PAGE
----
Hexagonal chess - problem solving contest 2001In January 2001, The Chess Variant Pages existed six years! To celebrate our anniversary, we had a small problem solving contest. In this contest, we had four problems to solve: problems of hexagonal chess - with `squares' that have as many sides as our site has years.
Readers could participate and win a prize.
- Problem 1: mate in two moves.
- Problem 2: mate in three moves. (Easy problem, with few pieces.)
- Problem 3: mate in two moves.
- Problem 4: mate in two moves.
More informationEach of these problems uses the rules of Glinski's Hexagonal Chess. You are advised to check these rules out. In particular, you may want to know how the pieces move exactly.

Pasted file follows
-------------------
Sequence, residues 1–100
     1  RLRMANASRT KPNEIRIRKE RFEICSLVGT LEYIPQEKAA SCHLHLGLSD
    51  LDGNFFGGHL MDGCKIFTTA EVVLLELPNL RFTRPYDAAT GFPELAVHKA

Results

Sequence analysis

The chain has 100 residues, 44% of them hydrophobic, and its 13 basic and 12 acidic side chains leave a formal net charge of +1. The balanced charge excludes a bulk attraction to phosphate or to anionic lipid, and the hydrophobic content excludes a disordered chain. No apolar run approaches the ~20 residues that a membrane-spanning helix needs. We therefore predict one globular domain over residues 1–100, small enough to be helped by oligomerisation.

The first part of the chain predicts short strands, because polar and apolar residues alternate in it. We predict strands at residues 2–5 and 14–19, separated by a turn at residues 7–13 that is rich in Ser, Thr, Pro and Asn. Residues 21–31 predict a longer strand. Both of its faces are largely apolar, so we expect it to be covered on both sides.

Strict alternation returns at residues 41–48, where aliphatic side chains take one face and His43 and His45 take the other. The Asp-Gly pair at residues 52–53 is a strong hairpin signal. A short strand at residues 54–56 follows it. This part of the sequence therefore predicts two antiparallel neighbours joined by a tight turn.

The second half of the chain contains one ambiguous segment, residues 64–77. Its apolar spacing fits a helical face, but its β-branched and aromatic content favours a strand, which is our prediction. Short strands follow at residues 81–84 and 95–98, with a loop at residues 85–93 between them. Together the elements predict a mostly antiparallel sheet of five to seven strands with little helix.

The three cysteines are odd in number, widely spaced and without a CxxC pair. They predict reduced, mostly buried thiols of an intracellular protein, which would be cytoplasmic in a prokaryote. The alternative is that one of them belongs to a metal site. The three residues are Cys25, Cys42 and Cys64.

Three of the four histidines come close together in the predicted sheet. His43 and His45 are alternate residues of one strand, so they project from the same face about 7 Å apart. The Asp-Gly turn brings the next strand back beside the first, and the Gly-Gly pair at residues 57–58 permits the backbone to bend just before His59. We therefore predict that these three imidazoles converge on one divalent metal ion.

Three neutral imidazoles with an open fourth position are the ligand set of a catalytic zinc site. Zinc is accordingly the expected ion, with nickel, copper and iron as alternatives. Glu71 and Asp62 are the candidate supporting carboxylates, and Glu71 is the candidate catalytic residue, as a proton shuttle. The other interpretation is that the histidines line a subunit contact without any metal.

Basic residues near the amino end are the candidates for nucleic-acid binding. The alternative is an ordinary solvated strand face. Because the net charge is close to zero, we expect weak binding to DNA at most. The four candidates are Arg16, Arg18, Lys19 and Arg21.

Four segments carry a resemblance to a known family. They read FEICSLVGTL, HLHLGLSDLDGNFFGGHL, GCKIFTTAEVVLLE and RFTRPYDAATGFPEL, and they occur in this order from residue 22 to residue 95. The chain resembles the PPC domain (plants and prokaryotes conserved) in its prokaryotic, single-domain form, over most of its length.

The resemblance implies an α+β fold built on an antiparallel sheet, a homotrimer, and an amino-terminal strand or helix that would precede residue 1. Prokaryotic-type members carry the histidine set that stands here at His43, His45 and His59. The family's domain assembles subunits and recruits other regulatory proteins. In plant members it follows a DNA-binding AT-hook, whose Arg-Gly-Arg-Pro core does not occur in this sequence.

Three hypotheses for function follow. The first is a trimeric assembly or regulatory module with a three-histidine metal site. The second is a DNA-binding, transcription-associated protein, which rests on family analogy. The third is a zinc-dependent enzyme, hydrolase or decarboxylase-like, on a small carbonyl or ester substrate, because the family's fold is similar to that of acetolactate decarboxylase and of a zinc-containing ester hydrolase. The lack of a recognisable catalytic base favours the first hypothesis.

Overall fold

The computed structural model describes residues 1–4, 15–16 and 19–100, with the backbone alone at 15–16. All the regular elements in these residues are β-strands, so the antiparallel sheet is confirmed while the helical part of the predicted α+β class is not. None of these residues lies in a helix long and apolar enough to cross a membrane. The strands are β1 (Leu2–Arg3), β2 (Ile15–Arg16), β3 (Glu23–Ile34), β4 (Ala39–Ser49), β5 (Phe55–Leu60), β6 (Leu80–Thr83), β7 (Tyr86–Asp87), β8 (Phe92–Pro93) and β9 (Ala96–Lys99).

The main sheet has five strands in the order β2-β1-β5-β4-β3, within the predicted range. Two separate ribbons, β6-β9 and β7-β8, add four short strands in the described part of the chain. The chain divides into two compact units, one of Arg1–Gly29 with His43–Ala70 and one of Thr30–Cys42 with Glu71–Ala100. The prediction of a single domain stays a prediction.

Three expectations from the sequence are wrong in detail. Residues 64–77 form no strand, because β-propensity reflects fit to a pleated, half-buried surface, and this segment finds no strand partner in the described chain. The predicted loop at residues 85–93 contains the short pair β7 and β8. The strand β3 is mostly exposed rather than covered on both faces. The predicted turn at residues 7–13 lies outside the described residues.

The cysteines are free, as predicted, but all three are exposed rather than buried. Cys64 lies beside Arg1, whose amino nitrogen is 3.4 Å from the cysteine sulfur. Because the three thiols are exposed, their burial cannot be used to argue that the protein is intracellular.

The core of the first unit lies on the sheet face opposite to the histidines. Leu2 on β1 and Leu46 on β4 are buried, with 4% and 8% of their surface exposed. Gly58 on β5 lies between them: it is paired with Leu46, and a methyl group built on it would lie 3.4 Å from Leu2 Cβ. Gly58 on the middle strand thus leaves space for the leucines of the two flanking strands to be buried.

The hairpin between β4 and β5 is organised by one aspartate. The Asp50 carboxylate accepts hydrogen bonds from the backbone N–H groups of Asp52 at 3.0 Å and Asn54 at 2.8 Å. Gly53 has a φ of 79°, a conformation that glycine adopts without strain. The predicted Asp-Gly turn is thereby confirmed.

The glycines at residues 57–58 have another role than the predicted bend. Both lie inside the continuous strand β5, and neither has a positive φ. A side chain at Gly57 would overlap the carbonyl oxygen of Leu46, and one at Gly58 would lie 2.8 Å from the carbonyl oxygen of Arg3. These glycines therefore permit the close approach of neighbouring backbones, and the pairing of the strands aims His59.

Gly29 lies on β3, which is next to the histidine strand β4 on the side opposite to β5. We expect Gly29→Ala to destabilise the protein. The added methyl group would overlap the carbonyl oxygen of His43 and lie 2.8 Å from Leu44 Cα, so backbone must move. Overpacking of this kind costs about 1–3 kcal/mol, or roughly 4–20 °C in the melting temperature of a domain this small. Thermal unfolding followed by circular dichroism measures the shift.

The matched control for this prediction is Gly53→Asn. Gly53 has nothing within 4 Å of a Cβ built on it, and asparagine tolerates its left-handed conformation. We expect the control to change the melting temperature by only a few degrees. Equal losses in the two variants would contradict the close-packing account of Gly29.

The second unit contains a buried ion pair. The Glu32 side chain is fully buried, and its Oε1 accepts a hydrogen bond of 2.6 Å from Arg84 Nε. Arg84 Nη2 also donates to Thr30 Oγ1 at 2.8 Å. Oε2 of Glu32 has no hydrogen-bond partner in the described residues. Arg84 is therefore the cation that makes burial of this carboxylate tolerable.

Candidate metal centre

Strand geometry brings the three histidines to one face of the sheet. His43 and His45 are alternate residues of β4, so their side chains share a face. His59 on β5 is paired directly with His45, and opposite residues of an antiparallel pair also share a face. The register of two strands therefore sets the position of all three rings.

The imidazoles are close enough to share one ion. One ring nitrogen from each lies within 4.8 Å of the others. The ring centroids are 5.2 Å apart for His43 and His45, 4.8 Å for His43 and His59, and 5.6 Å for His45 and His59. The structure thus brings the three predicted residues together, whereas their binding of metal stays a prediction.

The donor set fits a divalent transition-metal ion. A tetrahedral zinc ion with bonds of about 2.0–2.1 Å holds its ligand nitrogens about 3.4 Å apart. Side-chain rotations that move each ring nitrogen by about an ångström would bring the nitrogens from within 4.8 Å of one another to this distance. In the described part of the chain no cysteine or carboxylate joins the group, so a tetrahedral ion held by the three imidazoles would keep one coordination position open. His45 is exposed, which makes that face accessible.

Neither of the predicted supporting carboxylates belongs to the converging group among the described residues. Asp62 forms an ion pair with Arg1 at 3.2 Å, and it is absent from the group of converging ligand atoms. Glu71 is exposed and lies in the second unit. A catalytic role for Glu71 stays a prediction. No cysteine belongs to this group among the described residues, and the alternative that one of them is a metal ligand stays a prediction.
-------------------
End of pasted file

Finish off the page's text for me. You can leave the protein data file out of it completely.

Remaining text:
WinnerWinner was Peter Aronson. There were six participants that sent in a solution. Randomly (using a normal die), a participant was selected, and randomly a number 1 - 4 was selected. As Peter solved the third (and the other) problems correctly, and a 5 was thrown by the die, he won this contest, and he receives the book Chess Variations, by Gollon as prize.
The problems were sent to Hans Bodlaender by Sergej Korchitsky from Belarus. Most of these are more than 25 years old. Inventors include prof. J. Boyer, J. Berthomeau, and R. Loiseau. You can find the solutions with the problems.
Written by Hans Bodlaender.
WWW page created: January 8, 2000. Last modified: March 21, 2001.